Here we go with my new acquisitions. Information and samples for these mangas are compiled in my Harlequin & Romance comic raws collection. And as usual, if someone is interested in scanlating a story or more, listed at that page, you can submit a request for the raws HERE.

Harlequin comics

  • HARA Chieko: The Duke and I (reserved for English scanlation)
  • Nora Roberts’ Three Sisters Island trilogy illustrated by TACHIBANA Kaya:
    1. Dance Upon the Air
    2. Heaven and Earth
    3. Face the Fire
  • Deborah Hale & SACHIMI Riho: The Bonny Bride
  • Leigh Michaels & AMANE Ritsuka: Backwards Honeymoon (translated)
  • Michele Dunaway & SHINOZAKI Kakuko: Nine Months’ Notice
  • Jessica Steele & INOUE Youko: With his Ring
  • Emilie Rose & NAGASAWA Satoru: Paying the Playboy’s Price
  • Caitlin Crews & SHINOHARA Masami: The Man Behind the Scars
  • Maggie Cox & SOUMA Jinko: Brazilian Boss, Virgin Housekeeper
  • Kate Hewitt & SAKUYA Kaishi: The Greek Tycoon’s Convenient Bride

I’m no fan of Hara Chieko. In general, old school is not my cup of tea but sensei’s drawings don’t bother me contrary to other well-known mangakas’, maybe because she has a sweet understated style — old school style usually tends to annoy the hell out of me with melodrama and theatrics overuse. I wouldn’t have bought this manga on my own but exceptionally, purchased it for a scanlator who needed decent raws. In the end, I should thank them because after browsing the manga, I think the story looks nice and sweet. It doesn’t change my opinion about Hara Chieko’s art style but I’m curious to read this manga once it’ll be scanlated.

In this set of 12 mangas, I’m only put off by With his Ring. It’s a pity because the drawing is not bad, nicely detailed, and the story seems sweet. But I can’t stand the hero’s face! He has prettier and more delicate female features than the heroine. His flyaway hair is darn ridiculous and what’s with the absurdly long eyelashes for a man?! Other mangakas also draw feminine looking heros but it doesn’t bother me as much because they actually draw all characters, males and females, like that. In this case, it especially disturbs me because the other men appear decently male. Sorry but as soon as I saw the hero, I had images of Takarazuka revue flashing in my mind, otokoyakus parading with their kitschy wigs, padded suits and corny songs.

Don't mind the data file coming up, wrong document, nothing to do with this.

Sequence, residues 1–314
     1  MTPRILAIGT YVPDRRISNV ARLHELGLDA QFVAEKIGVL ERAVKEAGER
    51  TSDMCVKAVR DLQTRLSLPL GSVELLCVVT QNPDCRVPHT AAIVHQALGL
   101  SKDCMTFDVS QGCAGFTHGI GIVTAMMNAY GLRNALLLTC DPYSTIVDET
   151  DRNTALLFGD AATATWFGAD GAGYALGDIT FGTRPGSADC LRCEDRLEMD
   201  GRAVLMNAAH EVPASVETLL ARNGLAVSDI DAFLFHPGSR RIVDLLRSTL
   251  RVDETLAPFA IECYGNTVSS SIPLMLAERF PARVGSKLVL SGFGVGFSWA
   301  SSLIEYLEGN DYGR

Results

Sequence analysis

Better not dwell too much on this disappointment and instead mention the manga I’ve prefered this time: The Man Behind the Scars. The illustrations look so lush and mouth watering. And I’m a sucker for attractively drawn men with scarred faces.
Shinohara Masami is an alias for the BL mangaka Suzuhara Shino. I already noticed sensei’s art style in the past and wanted to read her recent BL works. But when I saw the previews for The Man Behind the Scars, I was a goner. The technical mastery reminds me of JET’s and Iwasaki Yoko’s though the 3 mangaka’s art styles are different. It’s something about the maturity of their drawings, the precise way they draw facial expressions and bodies like the characters are breathing and moving…

I’m hoping to see Shinohara-san’s Harlequin comics translated very soon. The biggest flaw I’ve noticed in her art is that her hero’s design screams Asian — slanted eyes, slick black hair. But I can forgive her because the vulnerable Scottish man is flat-out hot. Well, the dark looks can pass for some exotic British mix.